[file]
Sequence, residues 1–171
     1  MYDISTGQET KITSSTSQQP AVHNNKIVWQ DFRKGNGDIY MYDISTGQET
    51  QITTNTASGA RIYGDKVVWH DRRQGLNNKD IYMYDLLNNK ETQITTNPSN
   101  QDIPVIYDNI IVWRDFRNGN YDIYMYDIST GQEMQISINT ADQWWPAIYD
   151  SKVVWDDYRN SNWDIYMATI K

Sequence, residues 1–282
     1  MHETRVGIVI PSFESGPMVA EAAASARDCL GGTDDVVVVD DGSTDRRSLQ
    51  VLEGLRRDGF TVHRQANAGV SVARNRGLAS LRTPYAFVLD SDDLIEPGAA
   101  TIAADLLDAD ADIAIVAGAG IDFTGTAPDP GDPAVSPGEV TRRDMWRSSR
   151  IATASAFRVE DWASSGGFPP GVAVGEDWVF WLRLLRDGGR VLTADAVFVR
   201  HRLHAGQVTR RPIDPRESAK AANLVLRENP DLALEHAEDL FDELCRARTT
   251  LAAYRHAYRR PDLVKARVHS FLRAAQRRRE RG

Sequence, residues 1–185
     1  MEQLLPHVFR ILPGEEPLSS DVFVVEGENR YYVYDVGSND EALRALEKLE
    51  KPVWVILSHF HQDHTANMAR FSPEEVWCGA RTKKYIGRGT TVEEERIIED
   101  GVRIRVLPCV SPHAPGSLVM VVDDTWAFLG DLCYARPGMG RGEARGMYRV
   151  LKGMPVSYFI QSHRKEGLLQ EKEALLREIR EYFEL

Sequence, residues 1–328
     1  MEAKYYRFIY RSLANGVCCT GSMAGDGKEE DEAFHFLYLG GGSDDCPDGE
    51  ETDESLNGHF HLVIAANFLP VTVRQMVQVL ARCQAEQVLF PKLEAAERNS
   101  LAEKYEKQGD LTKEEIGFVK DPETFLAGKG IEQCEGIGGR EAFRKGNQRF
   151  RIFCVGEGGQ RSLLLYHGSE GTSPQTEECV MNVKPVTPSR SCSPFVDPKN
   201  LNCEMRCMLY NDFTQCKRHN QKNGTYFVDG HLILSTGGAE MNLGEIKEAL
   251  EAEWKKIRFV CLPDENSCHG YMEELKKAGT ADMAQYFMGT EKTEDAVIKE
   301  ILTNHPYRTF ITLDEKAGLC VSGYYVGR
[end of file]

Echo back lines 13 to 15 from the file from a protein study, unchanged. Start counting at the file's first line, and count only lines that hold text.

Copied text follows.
Sequence, residues 1–185
     1  MEQLLPHVFR ILPGEEPLSS DVFVVEGENR YYVYDVGSND EALRALEKLE
    51  KPVWVILSHF HQDHTANMAR FSPEEVWCGA RTKKYIGRGT TVEEERIIED